Fruita’s new facility unfair competition, critics charge
Less than a month after opening its doors, the Fruita Community Center has sold so many memberships and drummed up so much drop-in business that managers will extend operations on Friday evenings by two hours, open the pool on weekday afternoons and hire additional staff.
But some say the success of the $13.7 million, taxpayer-funded facility has come at the expense of the privately run Fruita Health Club.
A storm that had been brewing quietly the last few weeks erupted Tuesday night at the Fruita City Council meeting when employees and supporters of the Fruita Health Club lashed out at the city, accusing it of improperly competing with the private sector to the point that it could force the club to close. They asked the city to make concessions at the Community Center to keep that from happening.
“What’s happening here is a bad deal, for the city of Fruita and its reputation, and for the Fruita City Council,” Michelle Melgares, a club member and a member of the Fruita Chamber of Commerce board of directors, told council members. “I’m disappointed that my tax dollars are going to put a gym out of business.”
City leaders say they don’t want to see the Fruita Health Club fail. But they insist they have been honest and forthright since the beginning about the types of amenities the Community Center would contain. They say the facility reflects what residents wanted when they approved a 1 percent sales tax in 2008 to fund the construction and operation of the center.
“I would venture to guess that the vast majority of people believe we delivered exactly what we said we would,” City Manager Clint Kinney said. “We delivered what we promised.”
Formerly known as the Fruita Fitness Center, the Fruita Health Club has been operating at 158 South Park Square since the 1990s. Brooke Ray, her husband, Trent, and her mother, Susan Allen, purchased the business in December 2009, the club’s fifth different ownership group.
Ray said the group has worked hard since then to improve customer service and equipment, two problems she says plagued the club previously. She claims those efforts have paid off.
In the first three months of operation, Ray said, the club increased the number of aerobics classes from seven a week to seven a day. In the first six months, it boosted the number of paid staff from eight to 27. A total of 584 members joined the club in 2010, nearly doubling membership to 1,200.
Then the Community Center opened. Ray said the Fruita Health Club has lost 40 percent of its members since then.
About 20 people, including Ray, spent about an hour Tuesday night lodging their concerns with the council and questioning the city’s commitment to small businesses.
“I didn’t vote for Brooke to stay awake every night wondering how long her business is going to survive,” club member Jamey Smith said.
Aspen Street Coffee owner Tom Hinman said the Community Center has disrupted his business, too, claiming Fruita Health Club members often dropped in for coffee after a workout. He said business has fallen 30 percent.
Ray said Wednesday her family supported the Community Center’s creation and read the feasibility study that referred to a “small fitness center” within the facility. She said she was satisfied with what she said were repeated assertions by Kinney that the Community Center wouldn’t compete with the Fruita Health Club.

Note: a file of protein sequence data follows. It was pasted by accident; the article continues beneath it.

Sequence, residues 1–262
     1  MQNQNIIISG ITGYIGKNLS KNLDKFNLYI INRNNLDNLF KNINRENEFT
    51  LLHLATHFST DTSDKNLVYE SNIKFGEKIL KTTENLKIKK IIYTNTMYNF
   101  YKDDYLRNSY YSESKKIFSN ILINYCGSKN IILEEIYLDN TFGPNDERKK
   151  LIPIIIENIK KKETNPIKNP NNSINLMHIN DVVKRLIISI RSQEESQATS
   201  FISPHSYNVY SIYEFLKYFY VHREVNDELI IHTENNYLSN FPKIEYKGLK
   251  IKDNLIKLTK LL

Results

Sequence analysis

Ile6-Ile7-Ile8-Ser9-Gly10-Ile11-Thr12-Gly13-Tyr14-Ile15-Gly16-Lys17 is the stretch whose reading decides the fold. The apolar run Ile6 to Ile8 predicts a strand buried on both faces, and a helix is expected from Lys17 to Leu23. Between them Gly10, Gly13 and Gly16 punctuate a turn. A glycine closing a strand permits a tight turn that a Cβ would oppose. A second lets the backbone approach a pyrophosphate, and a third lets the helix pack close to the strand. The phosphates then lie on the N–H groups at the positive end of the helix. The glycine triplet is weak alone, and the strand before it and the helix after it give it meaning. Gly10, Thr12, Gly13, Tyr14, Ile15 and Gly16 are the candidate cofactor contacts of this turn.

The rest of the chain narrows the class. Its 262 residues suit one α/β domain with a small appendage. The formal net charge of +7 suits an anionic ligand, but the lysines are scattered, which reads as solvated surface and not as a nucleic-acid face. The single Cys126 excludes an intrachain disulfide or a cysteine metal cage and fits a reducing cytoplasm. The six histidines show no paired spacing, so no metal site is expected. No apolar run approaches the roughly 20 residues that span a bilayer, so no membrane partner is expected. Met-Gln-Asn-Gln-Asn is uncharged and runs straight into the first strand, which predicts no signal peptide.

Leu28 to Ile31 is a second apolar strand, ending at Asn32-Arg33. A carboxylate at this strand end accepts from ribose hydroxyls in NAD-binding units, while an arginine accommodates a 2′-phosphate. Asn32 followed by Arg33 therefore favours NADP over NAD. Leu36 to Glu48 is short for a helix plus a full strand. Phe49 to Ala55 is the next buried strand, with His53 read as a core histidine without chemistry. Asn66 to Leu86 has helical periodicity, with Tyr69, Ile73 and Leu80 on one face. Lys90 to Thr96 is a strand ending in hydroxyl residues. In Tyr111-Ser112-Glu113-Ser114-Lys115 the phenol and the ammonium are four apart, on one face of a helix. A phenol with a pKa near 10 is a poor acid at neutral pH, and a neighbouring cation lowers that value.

But after touring the Community Center herself and seeing the fitness equipment and classes offered, she said those features put the Community Center in direct competition with the Fruita Health Club. And she believes the city misled her, whether it was intentional or not.
Kinney, though, disputes that. He noted the fitness center is actually 600 square-feet smaller and contains three fewer stations and machines than what the feasibility study anticipated.
Mayor Ken Henry said construction on the Community Center started before the Rays and Allen purchased the club, suggesting they had ample time and opportunity to learn about the facility and its features and make adjustments.
“I don’t want to be particularly critical, but anyone who is going to go into a business needs to do some due diligence about what they’re going up against. And I don’t think they did that,” he said.
The mayor also suggested the club hasn’t done a good job of advertising itself.
Henry said during a visit to the Community Center two weeks ago he talked with six men who were waiting in line to use the weight-lifting bench. He said they asked why the Community Center didn’t have more benches. When he told them that wasn’t the purpose of the center and it didn’t want to compete with the Fruita Health Club, only one of the men knew the club existed.
Ray said she has asked the city to cancel some of its more advanced fitness classes that directly compete with the club. She also wants the city to allow people to buy a pool-only pass so residents who are more interested in using fitness equipment will consider the club. Currently, the Community Center’s all-inclusive pricing structure doesn’t separate use of the pool from the center’s other features.
Henry acknowledged the council is concerned the city could be competing with the club, and he is willing to consider the club’s pool-only pass suggestion.
But he and Kinney said the city also has to honor its commitment and responsibility to the 2,500 current Community Center pass-holders and provide the services that come with the purchase of those passes.
“The whole idea is there is a balancing act between providing services that people have obviously responded to that either weren’t being offered before or were being offered in a way that didn’t satisfy them,” Henry said.